When “Sima Taparia from Mumbai” met Vyasar Ganesan, one of the singles featured on Netflix’s much discussed “Indian Matchmaking” docu-series, she was as smitten by his effortless charm as the rest of us. The 30-year-old college counselor from Austin, Texas, quickly became a fan and Twitter favourite, wooing singles across the globe with his welcoming personality and infectious smile.
And when Vyasar and a potential match broke up on the grounds of his earning potential, Sima wasn’t the only one visibly upset. The Twitterverse was just as disappointed, clearly at a loss for what went wrong.
Even though Indian Matchmaking has received its fair share of criticism for glorifying South Asia’s problematic rishta culture, it has opened the door for discussion regarding desi obsession with choosing partners based on superficial attributes.
It was another baking summer day when I metaphorically ‘picked up the phone’ to Vyasar Ganesan – the events of 2020 have all prompted us to learn the rules of email, Skype and Zoom conversations, along with other pieces of computer software.
There’s the initial mutual nervousness of an interview conducted by distance, but it soon fades as I excitedly jotted down answers my questions. I had to know: why subject oneself to the downsides of Netflix fame when a quiet life calls?
“I was working, and a friend in LA sent me the casting call for the show. I looked at it, and thought “Nah.” An hour later, in the middle of a work meeting, I got six other messages from six other people, saying I had to apply, I have to be on the show. So, I said, sure, ok, if it’ll get you off my back! A few months and several interviews later, I get a phone call from a producer, saying, alright, we’ll see you in March. It was a wild ride.”
Today, Vyasar Ganesan finds himself overwhelmed with fan mail, as well as thirsty singles sliding into his DMs. With “Indian Matchmaking” taking off like a storm, what effect has newfound fame had on his life?
“Now that the show’s been out for a few weeks, life has changed in many, many ways. I’ve been recognized a few times in public (the mask and the pandemic, obviously, put a damper on the public appearances) and my Twitter has blown all the way up. I’m trying to keep my ego in check, reminding myself that whatever celebrity I’ve gained, it’s not a feature film or even a YouTube series. It’s a docu-series that I was a participant in. Essentially, cool, but, you know, keep it chill.”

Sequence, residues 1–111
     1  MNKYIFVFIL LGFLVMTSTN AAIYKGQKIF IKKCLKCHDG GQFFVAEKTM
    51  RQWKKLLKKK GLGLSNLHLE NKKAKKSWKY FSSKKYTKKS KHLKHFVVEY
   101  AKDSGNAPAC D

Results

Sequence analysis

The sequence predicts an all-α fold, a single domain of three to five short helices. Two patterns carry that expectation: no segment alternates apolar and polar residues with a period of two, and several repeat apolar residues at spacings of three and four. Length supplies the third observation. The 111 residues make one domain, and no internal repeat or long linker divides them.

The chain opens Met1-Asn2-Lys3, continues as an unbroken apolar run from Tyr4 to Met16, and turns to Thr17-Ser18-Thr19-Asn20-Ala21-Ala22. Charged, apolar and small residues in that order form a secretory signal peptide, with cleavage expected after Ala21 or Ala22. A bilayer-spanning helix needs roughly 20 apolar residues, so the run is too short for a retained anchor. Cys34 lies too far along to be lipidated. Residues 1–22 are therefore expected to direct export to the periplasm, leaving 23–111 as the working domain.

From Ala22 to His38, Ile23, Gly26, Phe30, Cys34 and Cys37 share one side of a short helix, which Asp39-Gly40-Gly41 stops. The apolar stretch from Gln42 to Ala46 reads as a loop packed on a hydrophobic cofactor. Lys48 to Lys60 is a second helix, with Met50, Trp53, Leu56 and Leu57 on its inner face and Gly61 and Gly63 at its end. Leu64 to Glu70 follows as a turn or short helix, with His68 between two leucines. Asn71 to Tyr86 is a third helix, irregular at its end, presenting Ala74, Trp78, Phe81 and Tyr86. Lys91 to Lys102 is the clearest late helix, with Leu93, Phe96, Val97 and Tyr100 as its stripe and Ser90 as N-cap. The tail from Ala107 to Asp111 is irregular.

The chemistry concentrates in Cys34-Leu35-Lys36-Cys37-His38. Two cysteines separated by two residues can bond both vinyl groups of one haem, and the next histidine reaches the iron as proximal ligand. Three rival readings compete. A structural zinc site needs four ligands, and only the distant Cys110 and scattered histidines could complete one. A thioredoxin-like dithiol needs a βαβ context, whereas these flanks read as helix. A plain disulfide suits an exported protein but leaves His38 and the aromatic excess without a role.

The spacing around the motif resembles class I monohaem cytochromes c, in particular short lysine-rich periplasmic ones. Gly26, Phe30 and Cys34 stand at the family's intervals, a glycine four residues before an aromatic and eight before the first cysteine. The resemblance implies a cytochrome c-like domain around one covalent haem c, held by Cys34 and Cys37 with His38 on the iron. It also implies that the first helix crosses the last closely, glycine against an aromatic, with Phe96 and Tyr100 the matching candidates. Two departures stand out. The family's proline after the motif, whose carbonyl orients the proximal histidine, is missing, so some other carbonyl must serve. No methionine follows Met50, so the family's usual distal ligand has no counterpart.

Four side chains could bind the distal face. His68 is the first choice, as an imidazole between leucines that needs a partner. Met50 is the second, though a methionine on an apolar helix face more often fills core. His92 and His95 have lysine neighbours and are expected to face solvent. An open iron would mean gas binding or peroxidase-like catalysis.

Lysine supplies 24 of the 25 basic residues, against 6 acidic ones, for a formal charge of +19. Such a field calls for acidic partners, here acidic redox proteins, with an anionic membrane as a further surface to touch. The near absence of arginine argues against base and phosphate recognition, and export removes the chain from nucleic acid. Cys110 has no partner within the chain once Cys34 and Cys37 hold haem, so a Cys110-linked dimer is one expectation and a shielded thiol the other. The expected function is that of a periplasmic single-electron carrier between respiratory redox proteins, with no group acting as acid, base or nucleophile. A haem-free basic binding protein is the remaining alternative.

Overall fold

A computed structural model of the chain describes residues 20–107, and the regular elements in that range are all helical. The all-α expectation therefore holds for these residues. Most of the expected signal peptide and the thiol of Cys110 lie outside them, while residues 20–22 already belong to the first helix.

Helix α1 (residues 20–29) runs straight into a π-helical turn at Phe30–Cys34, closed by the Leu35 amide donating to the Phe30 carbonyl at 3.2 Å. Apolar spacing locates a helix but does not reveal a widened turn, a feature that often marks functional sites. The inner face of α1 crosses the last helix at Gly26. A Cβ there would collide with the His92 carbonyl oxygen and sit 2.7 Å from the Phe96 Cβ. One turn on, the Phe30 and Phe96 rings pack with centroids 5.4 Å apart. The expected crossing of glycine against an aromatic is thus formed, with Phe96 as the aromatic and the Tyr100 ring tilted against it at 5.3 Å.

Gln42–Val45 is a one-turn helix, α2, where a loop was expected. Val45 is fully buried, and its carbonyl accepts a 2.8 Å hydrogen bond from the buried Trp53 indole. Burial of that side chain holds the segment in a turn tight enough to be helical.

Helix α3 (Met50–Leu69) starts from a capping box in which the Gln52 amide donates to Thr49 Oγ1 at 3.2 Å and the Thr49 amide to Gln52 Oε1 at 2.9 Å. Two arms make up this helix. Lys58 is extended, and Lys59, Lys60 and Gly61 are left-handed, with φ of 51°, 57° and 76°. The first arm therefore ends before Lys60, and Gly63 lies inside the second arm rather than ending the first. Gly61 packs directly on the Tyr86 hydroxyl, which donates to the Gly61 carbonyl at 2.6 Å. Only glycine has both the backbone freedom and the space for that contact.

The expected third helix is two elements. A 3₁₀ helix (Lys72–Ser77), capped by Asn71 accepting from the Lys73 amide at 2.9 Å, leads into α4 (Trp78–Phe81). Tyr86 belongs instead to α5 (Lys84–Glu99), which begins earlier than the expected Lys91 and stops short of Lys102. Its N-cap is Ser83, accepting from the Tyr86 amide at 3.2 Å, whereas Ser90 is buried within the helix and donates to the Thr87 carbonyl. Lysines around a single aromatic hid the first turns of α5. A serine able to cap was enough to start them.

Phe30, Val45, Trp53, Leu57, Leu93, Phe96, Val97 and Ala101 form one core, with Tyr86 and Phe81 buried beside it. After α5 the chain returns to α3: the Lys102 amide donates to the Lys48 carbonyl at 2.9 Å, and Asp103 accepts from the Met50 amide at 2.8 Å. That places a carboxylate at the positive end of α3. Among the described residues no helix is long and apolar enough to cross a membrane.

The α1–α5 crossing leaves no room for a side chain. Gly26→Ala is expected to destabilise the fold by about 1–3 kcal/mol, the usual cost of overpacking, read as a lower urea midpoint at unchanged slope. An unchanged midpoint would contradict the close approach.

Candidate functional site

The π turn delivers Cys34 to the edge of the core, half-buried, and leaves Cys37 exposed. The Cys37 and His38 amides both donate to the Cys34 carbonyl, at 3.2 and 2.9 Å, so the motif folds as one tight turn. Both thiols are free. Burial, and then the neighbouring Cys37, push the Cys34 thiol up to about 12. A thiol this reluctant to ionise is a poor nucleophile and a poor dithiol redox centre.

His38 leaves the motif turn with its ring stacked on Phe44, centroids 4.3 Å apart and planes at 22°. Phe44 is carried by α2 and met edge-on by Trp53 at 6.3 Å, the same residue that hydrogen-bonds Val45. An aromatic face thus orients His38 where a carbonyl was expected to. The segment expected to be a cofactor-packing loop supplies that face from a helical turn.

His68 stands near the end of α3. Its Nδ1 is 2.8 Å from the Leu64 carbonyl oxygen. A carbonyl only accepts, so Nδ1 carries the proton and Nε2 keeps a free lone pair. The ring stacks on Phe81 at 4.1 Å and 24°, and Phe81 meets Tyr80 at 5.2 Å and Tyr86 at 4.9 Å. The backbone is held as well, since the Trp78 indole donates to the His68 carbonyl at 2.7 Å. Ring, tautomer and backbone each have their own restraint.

Taparia was confident Vyasar would find somebody through the show given his friendly nature. When describing an ideal partner, he primarily lists values and not physical characteristics. Was reality TV, then, really the surefire way to seek a partner?
“I had no idea. I was open to the notion, and I went into the process feeling hopeful and honestly searching. But there’s no guarantees with anything, even with a matchmaker as talented as Sima. But as I’ve said, if I met the love of my life because of a reality TV show, it would not be the weirdest thing that has ever happened to me.”
[Read Related:‘Indian Matchmaking’ Creator Smriti Mundhra on the new age of Traditional Indian Marriages]
Sima Mami’s rishta seeking skills have turned her into a global phenomenon, making her the one person at the center of “Indian Matchmaking.” But how much of her clients’ specified criteria does she actually take into consideration while playing cupid?
“Sima really does try to treat you like her own child. She brings a lot of energy and positivity to the process, or at least she did with me. I had a hard time coming up with criteria on the spot — when she asked me what I was looking for, I’m fairly sure my mind went blank and I just said, “What is anyone really looking for?” But when I finally was able to articulate what I was looking for, I think she saw what I was saying and what I had left unsaid, and did her best to match me based on that. I didn’t feel that anything was ignored in either of the women she set me up with.”
Throughout the arranged dating process, Vyasar appeared to be forthcoming, expressive and genuinely candid. He doesn’t have a five-year plan, but definitely sees himself as a stay-at-home dad. Keeping the positive qualities in mind, one does wonder how much an eligible bachelor differs from his on-camera persona.
“I was definitely anxious to get time off camera with both Manisha and Rashi. I tried my hardest to be real on camera, but obviously there’s a difference between trying to be real and being real. In our brief exchanges off camera, we were really able to open up and talk about our wishes for the future, our long-term goals, dreams, hopes, fears, etc. Still, it was encouraging to see that both women really presented themselves honestly on camera.”
The show essentially divided viewers into two groups. One group cringed at the blatant display of colourism/racism, casteism or deeming female candidates as “too picky”. The other stuck with the show until the finish line because it hit a little too close to home. But regardless of your group preference, it’s clear there was an obvious disparity in the way men and women were treated on the show.